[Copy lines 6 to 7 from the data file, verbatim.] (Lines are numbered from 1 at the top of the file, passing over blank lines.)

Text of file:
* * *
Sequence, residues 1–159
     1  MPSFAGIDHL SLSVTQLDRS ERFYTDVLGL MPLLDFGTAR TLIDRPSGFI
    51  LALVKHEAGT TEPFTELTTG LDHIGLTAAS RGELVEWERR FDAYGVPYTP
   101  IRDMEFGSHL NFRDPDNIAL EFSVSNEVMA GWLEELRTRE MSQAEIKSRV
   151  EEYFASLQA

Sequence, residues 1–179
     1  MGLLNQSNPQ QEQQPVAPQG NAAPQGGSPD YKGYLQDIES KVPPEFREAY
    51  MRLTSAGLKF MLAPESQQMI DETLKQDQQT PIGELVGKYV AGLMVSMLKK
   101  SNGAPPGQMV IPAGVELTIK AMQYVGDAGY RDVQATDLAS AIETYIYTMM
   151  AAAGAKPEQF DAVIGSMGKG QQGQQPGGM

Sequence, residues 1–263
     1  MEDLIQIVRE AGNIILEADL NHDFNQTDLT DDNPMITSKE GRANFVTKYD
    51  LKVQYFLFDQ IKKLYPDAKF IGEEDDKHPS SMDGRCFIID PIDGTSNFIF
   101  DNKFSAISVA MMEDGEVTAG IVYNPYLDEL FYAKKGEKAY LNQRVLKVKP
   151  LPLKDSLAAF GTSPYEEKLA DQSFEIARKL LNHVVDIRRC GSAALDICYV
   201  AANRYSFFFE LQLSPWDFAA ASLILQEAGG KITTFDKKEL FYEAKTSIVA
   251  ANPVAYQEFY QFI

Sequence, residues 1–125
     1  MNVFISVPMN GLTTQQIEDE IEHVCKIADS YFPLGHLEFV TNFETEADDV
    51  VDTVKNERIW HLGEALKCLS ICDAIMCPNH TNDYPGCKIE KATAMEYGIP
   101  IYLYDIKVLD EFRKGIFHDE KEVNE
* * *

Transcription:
Sequence, residues 1–179
     1  MGLLNQSNPQ QEQQPVAPQG NAAPQGGSPD YKGYLQDIES KVPPEFREAY